EAA 95, 2001: Snape Anglo-Saxon Cemetery: Excavations and Surveys 1824–1992, by William Filmer-Sankey and Tim Pestell

The Snape Anglo-Saxon cemetery stands in the Sandlings area of east Suffolk. The first recorded excavations on the site were conducted in 1862–3 by the landowner, Septimus Davidson and some friends. In trenching the largest barrow they encountered rivets, and by careful excavation were able to reveal the remains of a complete Anglo-Saxon ship burial, the first to be found in England. Although already robbed, they recovered a number of items including a gold Germanic finger-ring, now in the British Museum, which showed that the burial had been of the highest status. Their excavations also revealed a large number of Anglo-Saxon cremation burials. Subsequently the site was almost forgotten until in 1970 a dowser found an Anglo-Saxon urn in the field to the north of the road, and in 1972 a sewer trench excavated along the road yielded a further nine cremations, one in a bronze bowl (published by West and Owles, 1973).

In 1985 a research project was initiated under the aegis of the Snape Historical Trust. Excavations have shown the site to be a mixed cremation and inhumation cemetery. Amongst the inhumations, a wide variety of burial practices has been noted, including the use of two, and possibly three, dugout logboats as burial containers. Other graves made extensive use of organics, in some instances of textile, including the first observed use of Rippenköper weave in England (grave 37). The grave-goods were within the normal range of material to be expected in an Anglo-Saxon cemetery, more exotic finds including a lyre (grave 32) and a horse’s head with tack (grave 47). Finds show the cremation burials to date from the late 5th to 7th centuries, and the inhumations to date from the mid 6th to 7th centuries. Other features excavated included ring-ditches, some associated with inhumations, and six burnt stone features, apparently surrounding mound 4.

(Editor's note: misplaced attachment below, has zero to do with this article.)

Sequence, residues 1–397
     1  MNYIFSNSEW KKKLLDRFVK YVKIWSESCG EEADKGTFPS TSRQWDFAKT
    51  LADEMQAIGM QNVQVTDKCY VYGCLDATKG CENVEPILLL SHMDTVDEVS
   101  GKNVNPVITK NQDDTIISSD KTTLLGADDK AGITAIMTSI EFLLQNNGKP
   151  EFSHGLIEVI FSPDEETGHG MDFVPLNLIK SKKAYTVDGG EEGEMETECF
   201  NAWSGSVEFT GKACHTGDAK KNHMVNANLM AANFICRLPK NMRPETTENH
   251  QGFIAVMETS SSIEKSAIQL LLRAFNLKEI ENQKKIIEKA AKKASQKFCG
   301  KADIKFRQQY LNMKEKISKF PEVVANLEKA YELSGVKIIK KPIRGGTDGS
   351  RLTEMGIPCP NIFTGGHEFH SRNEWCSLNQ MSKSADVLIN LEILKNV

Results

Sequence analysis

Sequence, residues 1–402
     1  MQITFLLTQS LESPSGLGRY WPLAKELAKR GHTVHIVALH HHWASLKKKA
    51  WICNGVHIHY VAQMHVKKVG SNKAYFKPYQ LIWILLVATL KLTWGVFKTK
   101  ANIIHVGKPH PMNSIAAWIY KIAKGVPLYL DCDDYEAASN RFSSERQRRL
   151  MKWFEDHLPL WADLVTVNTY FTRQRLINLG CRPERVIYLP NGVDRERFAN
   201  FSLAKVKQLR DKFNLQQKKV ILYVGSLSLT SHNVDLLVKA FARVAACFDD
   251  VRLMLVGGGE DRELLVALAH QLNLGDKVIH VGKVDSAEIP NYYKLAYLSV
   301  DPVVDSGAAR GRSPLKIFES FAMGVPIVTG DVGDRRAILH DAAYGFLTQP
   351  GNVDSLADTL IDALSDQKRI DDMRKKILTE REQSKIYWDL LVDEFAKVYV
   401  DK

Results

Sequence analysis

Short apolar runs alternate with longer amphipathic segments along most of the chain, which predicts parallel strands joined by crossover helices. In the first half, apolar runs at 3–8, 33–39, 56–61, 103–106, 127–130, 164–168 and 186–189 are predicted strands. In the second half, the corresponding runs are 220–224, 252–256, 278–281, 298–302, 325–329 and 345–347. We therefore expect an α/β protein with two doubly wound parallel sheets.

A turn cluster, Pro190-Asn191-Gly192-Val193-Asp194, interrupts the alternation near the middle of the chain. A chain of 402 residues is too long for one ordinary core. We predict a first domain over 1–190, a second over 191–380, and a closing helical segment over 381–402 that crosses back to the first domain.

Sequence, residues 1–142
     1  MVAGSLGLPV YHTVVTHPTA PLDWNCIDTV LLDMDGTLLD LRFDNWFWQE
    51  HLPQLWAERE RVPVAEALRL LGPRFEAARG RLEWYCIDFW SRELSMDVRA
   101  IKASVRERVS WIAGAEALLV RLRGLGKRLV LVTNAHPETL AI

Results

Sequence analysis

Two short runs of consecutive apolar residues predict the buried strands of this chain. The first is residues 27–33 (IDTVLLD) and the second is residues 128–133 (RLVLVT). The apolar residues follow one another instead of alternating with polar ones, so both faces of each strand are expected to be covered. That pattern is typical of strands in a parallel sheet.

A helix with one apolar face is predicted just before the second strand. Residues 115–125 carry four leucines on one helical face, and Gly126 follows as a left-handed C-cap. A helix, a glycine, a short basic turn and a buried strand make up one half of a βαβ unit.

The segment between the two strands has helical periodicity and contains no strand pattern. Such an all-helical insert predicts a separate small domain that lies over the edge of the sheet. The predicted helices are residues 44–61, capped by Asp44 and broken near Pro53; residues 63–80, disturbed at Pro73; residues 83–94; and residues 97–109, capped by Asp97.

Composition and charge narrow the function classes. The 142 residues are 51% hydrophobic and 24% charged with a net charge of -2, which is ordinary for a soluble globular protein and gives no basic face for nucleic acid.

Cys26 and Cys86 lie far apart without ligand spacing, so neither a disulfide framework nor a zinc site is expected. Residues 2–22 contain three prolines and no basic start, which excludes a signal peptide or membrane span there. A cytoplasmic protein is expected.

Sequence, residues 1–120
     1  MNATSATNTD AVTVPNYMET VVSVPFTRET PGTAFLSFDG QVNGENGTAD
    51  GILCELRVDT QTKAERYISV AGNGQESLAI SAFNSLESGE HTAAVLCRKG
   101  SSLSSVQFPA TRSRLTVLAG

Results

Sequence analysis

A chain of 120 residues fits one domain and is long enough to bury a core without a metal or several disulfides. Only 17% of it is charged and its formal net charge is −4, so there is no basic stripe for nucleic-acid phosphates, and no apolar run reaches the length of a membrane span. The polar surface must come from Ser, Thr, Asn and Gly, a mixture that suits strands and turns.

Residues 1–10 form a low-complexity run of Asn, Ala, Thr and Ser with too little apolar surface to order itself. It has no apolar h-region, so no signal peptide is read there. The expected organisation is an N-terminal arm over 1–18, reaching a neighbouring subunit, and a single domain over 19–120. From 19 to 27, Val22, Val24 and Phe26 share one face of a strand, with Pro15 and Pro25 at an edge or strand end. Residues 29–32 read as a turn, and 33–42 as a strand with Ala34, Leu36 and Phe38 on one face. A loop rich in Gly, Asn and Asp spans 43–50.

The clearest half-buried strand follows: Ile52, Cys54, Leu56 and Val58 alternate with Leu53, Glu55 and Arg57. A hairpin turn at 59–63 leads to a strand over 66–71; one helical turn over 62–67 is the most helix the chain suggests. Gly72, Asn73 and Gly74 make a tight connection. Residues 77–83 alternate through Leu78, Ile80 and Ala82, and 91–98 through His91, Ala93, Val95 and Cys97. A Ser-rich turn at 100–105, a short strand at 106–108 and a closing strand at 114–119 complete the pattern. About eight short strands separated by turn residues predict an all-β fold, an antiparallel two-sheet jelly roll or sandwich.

This report attempts to publish all the material known to have been excavated from the cemetery although the urns and their contents from the 1862–3 excavations have become dispersed over the years and many undoubtedly lost. The 1970 and 1972 finds have also been re-examined, re-drawn and are here republished. The final draft of the text was submitted by the authors in May 1998.

Full reference:
William Filmer-Sankey , Tim Pestell, 2001. 'Snape Anglo-Saxon Cemetery: Excavations and Surveys 1824–1992', East Anglian Archaeology 95